Supreme Court allows Ohio, other state voter purges

Latest News

The Supreme Court ruled Monday that states can clean up their voting rolls by targeting people who haven't cast ballots in a while.

The justices rejected, by a 5-4 vote Monday, arguments in a case from Ohio that the practice violates a federal law intended to increase the ranks of registered voters. A handful of other states also use voters' inactivity to trigger a process that could lead to their removal from the voting rolls.

Justice Samuel Alito said for the court that Ohio is complying with the 1993 National Voter Registration Act. He was joined by his four conservative colleagues. The four liberal justices dissented.

Partisan fights over ballot access are being fought across the country. Democrats have accused Republicans of trying to suppress votes from minorities and poorer people who tend to vote for Democrats. Republicans have argued that they are trying to promote ballot integrity and prevent voter fraud.

Under Ohio rules, registered voters who fail to vote in a two-year period are targeted for eventual removal from registration rolls, even if they haven't moved and remain eligible. The state said it only uses the disputed process after first comparing its voter lists with a U.S. postal service list of people who have reported a change of address. But not everyone who moves notifies the post office, the state said.

So the state asks people who haven't voted in two years to confirm their eligibility. If they do, or if they show up to vote over the next four years, voters remain registered. If they do nothing, their names eventually fall off the list of registered voters.

"Combined with the two years of nonvoting before notice is sent, that makes a total of six years of nonvoting before removal," Alito wrote.

Justice Stephen Breyer, writing in dissent, said the 1993 law prohibits removing someone from the voting rolls "by reason of the person's failure to vote. In my view, Ohio's program does just that."

In a separate dissent, Justice Sonia Sotomayor said Congress enacted the voter registration law "against the backdrop of substantial efforts by states to disenfranchise low-income and minority voters." The court's decision essentially endorses "the very purging that Congress expressly sought to protect against," Sotomayor wrote.

Related listings

  •  Netanyahu heads to court as 1st sitting Israeli PM on trial

    Netanyahu heads to court as 1st sitting Israeli PM on trial

    Latest News 05/21/2020

    Israeli Prime Minister Benjamin Netanyahu is lashing out at Israel’s justice system, saying his trial on corruption charges is an attempt to “depose” him. Prime Minister Benjamin spoke Sunday as he arrived at a Jerusalem courthouse ...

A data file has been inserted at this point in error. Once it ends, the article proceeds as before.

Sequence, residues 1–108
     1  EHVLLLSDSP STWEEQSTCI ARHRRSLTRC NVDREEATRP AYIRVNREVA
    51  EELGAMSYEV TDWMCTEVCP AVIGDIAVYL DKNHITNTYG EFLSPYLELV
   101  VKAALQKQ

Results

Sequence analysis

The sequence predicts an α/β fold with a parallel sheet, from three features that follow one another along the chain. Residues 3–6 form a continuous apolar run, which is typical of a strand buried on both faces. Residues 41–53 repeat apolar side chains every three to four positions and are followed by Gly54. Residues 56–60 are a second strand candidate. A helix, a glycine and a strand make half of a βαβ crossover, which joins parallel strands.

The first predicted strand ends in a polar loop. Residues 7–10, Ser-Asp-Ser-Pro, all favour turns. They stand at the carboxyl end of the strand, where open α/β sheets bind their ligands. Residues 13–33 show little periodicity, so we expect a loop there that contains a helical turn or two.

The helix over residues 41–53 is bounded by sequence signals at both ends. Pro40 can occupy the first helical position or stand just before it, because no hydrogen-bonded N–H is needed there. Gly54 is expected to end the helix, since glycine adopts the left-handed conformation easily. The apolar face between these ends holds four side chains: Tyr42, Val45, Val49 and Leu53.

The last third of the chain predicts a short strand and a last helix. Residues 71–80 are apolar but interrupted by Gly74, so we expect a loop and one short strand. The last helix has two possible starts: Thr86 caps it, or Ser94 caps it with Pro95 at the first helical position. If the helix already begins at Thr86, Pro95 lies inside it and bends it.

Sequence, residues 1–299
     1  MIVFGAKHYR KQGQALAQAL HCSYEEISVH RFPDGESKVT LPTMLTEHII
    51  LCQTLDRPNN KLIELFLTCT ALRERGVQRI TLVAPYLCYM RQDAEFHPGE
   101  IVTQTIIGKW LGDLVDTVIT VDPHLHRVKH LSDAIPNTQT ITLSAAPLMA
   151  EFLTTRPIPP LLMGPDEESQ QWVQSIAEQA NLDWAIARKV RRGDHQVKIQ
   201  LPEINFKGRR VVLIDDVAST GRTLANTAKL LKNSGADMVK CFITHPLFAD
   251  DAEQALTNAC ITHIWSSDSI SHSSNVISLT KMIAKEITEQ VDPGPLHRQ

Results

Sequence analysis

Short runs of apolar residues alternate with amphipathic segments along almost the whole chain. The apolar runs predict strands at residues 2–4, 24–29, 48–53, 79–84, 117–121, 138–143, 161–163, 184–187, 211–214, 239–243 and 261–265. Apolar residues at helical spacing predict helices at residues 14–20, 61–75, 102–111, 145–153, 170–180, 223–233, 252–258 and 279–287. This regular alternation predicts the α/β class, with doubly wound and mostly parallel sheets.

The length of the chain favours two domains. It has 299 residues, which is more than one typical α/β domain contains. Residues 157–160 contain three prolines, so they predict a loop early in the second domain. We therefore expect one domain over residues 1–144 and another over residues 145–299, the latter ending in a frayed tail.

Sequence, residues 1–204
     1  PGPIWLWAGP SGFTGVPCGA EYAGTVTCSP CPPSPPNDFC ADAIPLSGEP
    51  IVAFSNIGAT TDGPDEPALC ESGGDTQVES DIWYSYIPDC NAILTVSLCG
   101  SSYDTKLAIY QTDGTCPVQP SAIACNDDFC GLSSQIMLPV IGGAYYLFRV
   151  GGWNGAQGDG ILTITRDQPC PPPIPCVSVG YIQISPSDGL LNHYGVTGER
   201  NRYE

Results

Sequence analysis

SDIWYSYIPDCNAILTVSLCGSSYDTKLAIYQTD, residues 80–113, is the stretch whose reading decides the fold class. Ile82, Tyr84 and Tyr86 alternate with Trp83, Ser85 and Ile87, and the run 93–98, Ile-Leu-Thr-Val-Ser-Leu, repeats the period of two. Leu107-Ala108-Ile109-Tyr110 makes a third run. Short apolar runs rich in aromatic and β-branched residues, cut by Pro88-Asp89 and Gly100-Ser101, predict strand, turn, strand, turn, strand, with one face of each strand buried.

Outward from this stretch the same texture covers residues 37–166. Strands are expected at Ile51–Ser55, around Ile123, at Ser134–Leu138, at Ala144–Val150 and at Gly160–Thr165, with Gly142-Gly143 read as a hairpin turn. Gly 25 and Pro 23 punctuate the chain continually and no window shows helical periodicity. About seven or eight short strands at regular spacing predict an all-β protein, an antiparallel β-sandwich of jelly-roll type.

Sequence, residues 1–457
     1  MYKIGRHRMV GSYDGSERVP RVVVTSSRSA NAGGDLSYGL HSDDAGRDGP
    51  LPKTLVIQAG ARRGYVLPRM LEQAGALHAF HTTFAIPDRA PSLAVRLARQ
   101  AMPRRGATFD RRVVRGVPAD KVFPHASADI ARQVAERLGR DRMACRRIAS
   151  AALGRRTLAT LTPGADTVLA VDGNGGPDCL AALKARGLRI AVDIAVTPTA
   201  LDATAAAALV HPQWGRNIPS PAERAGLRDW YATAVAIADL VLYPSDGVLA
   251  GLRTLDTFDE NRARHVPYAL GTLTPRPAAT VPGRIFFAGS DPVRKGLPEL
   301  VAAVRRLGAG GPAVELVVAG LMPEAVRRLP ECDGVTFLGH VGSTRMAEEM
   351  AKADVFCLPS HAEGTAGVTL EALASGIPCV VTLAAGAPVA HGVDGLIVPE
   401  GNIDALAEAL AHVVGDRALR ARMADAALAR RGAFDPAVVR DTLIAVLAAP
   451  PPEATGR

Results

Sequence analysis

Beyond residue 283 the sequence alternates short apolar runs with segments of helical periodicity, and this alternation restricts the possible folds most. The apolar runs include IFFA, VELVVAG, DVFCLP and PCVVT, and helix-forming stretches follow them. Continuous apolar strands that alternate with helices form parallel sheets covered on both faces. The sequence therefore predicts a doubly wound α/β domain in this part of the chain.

• Louisiana Senate targets lawyer ads promising big payouts

    Louisiana Senate targets lawyer ads promising big payouts

    Latest News 05/15/2020

    A proposal striking at the proliferation of TV, radio and billboard ads blanketing Louisiana is headed to the state House for debate after winning support from senators Thursday.Sen. Heather Cloud’s bill would declare as false or misleading tho...

  • Arkansas candidate's political ties targeted in court race

    Arkansas candidate's political ties targeted in court race

    Latest News 02/22/2020

    The race for a seat on the Arkansas Supreme Court is technically nonpartisan, but the close ties of one of the two main candidates to the state Republican Party — she's married to its leader — highlight just how partisan such campaigns ha...

Grounds for Divorce in Ohio - Sylkatis Law, LLC

A divorce in Ohio is filed when there is typically “fault” by one of the parties and party not at “fault” seeks to end the marriage. A court in Ohio may grant a divorce for the following reasons:
• Willful absence of the adverse party for one year
• Adultery
• Extreme cruelty
• Fraudulent contract
• Any gross neglect of duty
• Habitual drunkenness
• Imprisonment in a correctional institution at the time of filing the complaint
• Procurement of a divorce outside this state by the other party

Additionally, there are two “no-fault” basis for which a court may grant a divorce:
• When the parties have, without interruption for one year, lived separate and apart without cohabitation
• Incompatibility, unless denied by either party

However, whether or not the the court grants the divorce for “fault” or not, in Ohio the party not at “fault” will not get a bigger slice of the marital property.